On community and friendship and the difference between.

I've felt so disconnected from this space and writing here. I think it's because I've had something in my drafts since November, and I know I have to write it out. I procrastinate hard things. Especially delicate, true-to-my-heart things. Sigh. It's not comfortable or sparkly or exciting. BUT. It is important, and now is the time.

I don't know how to start this, honestly. Here's hoping I'm able to communicate my heart and not just word vomit ALL over this blog post. Read with grace. Let this be a conversation starter, even if it's just a conversation with yourself. 

If you know me, I hope you know how much I love the people in my life. I adore them. (Like so much it hurts.)

I've been spending time (11 months now) really thinking about community. What it looks like. What it means to me and in my life. For the first time, I've realized that friendship and community are not always the same thing.

Try and follow my train of thought, if you can. Friends are people you care about, people you laugh and cry with, people you've shared experiences with, and people you like to catch up with. Community is a group of people who rally around you in every season. There is more life sharing that catching up.

The best analogy I can offer to explain how I see the difference between friendship and community is this one:  You're a soldier. You're getting ready to go off to war. People at home write letters and send care packages. They love and miss you. These are your friends. Your comrades, the people in the trenches with you, sharing rations, carrying burdens, and dodging danger with you - this is your community.

If you are still reading and aren't already confused, here's where it gets tricky. Community can be made up of friends. Friends do not always make up community. (I say that because sometimes friends are spread out all over creation and you need people right where you are. On the daily. Living life and making mistakes and messes.) If your friends are your community, count yourself a lucky duck. Sometimes, friendship and community overlap. It isn't rare for people to be community to their best friends. It isn't rare for friendships to become community. But it isn't easy, and it can't be expected. It has to be communicated. (Probably another one I should pull from the drafts - how unvoiced communications are the biggest conflict-creator ever.)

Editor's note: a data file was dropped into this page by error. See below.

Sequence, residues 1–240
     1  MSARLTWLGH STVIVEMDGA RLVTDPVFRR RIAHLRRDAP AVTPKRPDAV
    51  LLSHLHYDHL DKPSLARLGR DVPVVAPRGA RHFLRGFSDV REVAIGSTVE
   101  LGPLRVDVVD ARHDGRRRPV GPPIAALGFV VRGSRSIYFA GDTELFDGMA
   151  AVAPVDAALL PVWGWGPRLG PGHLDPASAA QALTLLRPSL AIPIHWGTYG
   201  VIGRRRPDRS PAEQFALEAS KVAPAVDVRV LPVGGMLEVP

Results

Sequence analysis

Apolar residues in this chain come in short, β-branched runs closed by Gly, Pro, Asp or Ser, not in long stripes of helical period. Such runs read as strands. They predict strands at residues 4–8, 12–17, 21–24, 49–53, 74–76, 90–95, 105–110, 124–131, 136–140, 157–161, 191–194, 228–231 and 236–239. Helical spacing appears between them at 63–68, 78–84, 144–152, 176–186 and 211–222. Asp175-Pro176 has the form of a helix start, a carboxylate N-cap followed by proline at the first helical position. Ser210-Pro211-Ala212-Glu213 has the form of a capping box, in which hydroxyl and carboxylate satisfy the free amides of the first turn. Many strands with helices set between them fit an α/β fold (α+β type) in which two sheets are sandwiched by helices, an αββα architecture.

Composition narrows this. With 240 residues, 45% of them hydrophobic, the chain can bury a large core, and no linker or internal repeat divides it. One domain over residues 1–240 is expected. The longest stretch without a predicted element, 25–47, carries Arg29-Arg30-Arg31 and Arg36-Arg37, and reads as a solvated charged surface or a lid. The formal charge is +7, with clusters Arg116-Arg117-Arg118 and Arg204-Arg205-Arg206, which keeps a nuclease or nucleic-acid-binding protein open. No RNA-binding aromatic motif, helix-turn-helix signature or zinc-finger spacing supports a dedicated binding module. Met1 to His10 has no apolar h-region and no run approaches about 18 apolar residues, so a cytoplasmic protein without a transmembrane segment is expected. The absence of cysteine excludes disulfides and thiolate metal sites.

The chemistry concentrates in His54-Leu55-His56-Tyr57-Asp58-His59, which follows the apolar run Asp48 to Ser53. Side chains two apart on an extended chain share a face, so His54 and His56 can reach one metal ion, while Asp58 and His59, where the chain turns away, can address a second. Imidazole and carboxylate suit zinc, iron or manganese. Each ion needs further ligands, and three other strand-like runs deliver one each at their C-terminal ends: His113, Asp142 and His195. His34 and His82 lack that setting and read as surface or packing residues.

So here is my expectation:  I want to have people, be it best friends I've had forever or new friends at Bible study, to get in my mess. I want to help bear your burdens. I want to share meals and make memories. I want to grow closer to the Lord because of my relationship with you and vice versa. I want to be included. I want to be thought of. I want to know about your daily ins and outs. I know we're all busy, but let's make time to include each other. 

My reality is more along the lines of sharing my heart with everyone I know and hoping that someone likes it enough to set up their tent next to mine in our village. 

I know people communicate differently and have different visions of what all of this should look like. I always say I wish I could live in a commune with people - to share meals and porches and blankets and late night chats or early (not too early) morning coffee. My ideal is something like the friends-are-family created in the Fast and the Furious movie franchise. (Yes, seriously.) I don't want to cause a real ruckus or participate in any criminal activity - I just crave a friend-filled-community that doesn't seem to exist outside of works of fiction.
It's hard because community and expectations thereof are different for everyone. I just want you to know that though I have amazing people in my life, I'm still searching for my village too. You aren't alone. There's a spot for your tent right next to mine. 

Somehow, I feel like I still haven't gotten all the feelings and words out even though I've been formulating this for 11 months in my mind and heart. I just know that life is better together. 


P.S. My wise blogging friends Sarah Ann Rogers and Jordan Gage have also tackled this in two very wise posts.


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